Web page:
Monday, May 26, 2003, Chandigarh, India

National Capital Region--Delhi


Women can do symbolic seva

THE Sikhs will be inclined to agree to the views of Ms Paramjit Kaur Tiwana (May 21) that seva has to be performed and not snatched. The overwhelming view among the Indian communities is that the Sikhs are more broad-minded and respectful towards their women, thanks to the teachings of their Guru, Guru Nanak Dev, who sayeth, “So Kion Manda Akhiye Jit Jamme Rajaan”. (It is wrong to ill-treat her who has given birth to kings).

The concept of gender equality, however, should not be stretched too far. A respectable distance is observed at home between the male elders in the family and the daughters and daughters-in-law. The elders never wish their ladies to be oddly dressed in their presence, which otherwise becomes a necessity, sometimes, for them for performing the domestic chores well. This message is understood by both sides and there lies the grace.

If women are allowed to perform seva in the Sanctum Sanctorum, they will have to jostle with men, and, in the process, their head gear and dupattas may go awry. It will then give rise to another controversy of defining the dress code for them.



To quote the answer of the Akal Takht Jathedar in an interview pointing towards the right of the Sikh women to do seva at Golden Temple by Ms Majinder Pal Kaur to support her viewpoint, is irrelevant as some issues are so delicate that a cryptic answer skips the implications involved therein.

Women may be allowed to touch the articles used in the seva, as a symbolic gesture of their will. They should, however, not raise a “non-issue” and utilise their energies in more constructive work.

Gursharan Singh Narula, Administrative Officer-North India,
Sikh Human Development
Foundation (USA), Ludhiana

Review the registration policy

THERE is growing concern among the people of Haryana about its development. Politicians make empty promises during the elections and, once elected, forget about them. Unfortunately, the people are not involved in the development process.

Panchkula, Faridabad and Gurgaon had once elevated Haryana to the world map. Presently, while only Gurgaon seems to be progressing, the other two cities are facing slump in developmental activity. Panchkula and Faridabad were once considered dream cities for people to settle. However, now there is virtually no house building activity there.

Two reasons can be adduced for this state of affairs. First, the registration fee for residential plots is as high as 15.5 per cent. This is, perhaps the highest in India, compared to the reasonable 6 per cent in Punjab and Chandigarh. The registration fee for a plot even in Sectors 25 or 26 in Panchkula is Rs 2,800 per sq metre. This is unprecedented. The result: people are losing interest to settle in the two cities.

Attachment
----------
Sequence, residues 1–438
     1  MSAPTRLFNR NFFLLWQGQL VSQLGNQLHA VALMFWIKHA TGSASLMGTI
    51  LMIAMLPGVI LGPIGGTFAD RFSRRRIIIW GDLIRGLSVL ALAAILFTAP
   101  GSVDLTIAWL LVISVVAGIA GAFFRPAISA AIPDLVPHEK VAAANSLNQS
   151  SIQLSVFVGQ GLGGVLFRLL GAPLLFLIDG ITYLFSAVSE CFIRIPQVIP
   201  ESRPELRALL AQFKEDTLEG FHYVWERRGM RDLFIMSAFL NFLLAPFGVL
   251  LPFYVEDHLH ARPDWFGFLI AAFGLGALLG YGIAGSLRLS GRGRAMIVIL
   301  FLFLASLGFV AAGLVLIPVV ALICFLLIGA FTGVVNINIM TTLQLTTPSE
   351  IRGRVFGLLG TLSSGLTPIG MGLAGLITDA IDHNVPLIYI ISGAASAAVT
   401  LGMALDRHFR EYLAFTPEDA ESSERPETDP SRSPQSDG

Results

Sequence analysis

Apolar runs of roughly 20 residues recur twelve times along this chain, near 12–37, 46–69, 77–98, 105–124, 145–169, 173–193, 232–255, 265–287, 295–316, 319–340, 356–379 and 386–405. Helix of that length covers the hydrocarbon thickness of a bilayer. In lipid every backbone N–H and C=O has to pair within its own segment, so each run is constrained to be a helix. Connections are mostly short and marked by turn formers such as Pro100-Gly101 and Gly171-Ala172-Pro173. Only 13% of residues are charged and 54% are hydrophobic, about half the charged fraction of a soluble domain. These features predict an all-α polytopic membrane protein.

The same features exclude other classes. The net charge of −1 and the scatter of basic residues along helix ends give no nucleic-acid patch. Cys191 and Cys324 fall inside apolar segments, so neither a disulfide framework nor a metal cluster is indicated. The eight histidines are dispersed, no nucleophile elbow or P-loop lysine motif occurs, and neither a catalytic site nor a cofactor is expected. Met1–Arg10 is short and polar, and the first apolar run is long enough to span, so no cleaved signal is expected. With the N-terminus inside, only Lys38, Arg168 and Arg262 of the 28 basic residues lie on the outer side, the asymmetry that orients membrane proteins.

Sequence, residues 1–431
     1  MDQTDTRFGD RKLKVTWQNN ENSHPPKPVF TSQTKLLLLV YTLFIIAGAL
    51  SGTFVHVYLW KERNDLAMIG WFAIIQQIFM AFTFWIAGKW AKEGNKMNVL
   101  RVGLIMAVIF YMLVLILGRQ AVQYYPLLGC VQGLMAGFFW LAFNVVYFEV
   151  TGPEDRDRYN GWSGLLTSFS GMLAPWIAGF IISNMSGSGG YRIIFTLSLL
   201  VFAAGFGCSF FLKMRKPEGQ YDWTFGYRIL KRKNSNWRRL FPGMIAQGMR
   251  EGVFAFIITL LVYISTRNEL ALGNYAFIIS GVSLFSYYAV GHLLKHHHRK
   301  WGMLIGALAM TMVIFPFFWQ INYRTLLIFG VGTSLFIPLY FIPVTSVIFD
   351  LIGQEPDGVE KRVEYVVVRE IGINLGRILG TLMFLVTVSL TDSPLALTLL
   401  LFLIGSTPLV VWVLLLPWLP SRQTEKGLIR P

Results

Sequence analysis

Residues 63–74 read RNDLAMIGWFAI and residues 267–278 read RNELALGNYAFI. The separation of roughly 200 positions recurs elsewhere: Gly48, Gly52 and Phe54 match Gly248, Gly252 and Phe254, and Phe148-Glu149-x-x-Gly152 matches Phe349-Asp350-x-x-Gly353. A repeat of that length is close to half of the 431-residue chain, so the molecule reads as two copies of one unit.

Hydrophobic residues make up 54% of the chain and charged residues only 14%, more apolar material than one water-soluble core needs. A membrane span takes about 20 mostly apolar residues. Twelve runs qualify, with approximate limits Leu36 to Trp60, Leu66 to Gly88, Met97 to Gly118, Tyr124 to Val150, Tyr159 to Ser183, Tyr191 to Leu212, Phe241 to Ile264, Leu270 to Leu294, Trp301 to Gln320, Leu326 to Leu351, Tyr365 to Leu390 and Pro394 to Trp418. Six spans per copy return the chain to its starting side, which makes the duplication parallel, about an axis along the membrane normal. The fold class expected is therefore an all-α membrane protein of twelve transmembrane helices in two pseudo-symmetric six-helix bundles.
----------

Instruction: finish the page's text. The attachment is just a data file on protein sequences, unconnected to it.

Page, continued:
The problem is that development of all other activities — commercial, industrial or recreational — is linked to this basic residential activity. Gurgaon is an exception because it has almost become a part of Delhi. In fact, it is often compared with the Delhi market. Its geographical position is also better than Faridabad.

Of course, the high registration fee is aimed at mobilising higher revenue to foot the wage bill of the overstaffed government employees and officers. But this will become counterproductive in the long run.

The state government should review its registration policy and fix reasonable fee so that people evince interest to settle in Panchkula and Faridabad. Clearly, this holds the key to the overall growth of the state.

Jagvir Goyal, Chandigarh



Ways of Punjab CM

Apropos of the editorial “Arrogance doesn’t pay” (April 25), I wonder why issues like the Chief Minister spending Rs 1.44 lakh from the state exchequer every day for his helicopter tours do not figure in the Vidhan Sabha. I have seen some officers cutting down their travelling expenses even while performing their duties, but look how the Punjab Chief Minister is functioning!

Why do our leaders forget their roles and responsibilities once they are elected? It is very disgraceful for a Chief Minister to join dharnas and agitations.

Narinder Kumar, Sheikhpur Bagh (Nawanshahr)

Woes of TV viewers

The Conditional Access System (CAS) which the Union Information and Broadcasting Ministry has hammered out will not be an effective safeguard against the exploitation of television viewers by cable operators. A top-box required to be installed for each TV set will cost Rs 7,000 or more. It will merely restrict reception from specified channels. Many people may not consider it worth their while to shell out such a huge amount.

Moreover, the device will not solve the problems of poor service and malfunctioning. Sometimes, cable operators snap connections without justification simply to cause harassment. The monopoly which they enjoy at present in their respective area leads to fleecing. The market forces will automatically come into play if there are competitors in each area.

We have witnessed edifying results of open competition in other sectors much to the advantage of the common man. Telecommunication and aviation are good examples. They jack up the charges frequently on one pretext or the other. The viewer has no other option but to pay through his nose willy nilly. Therefore, the crying need of the hour is to do away with the monopoly of cable operators and encourage competition.

Dr Priyanka Awasthy,  Chandigarh

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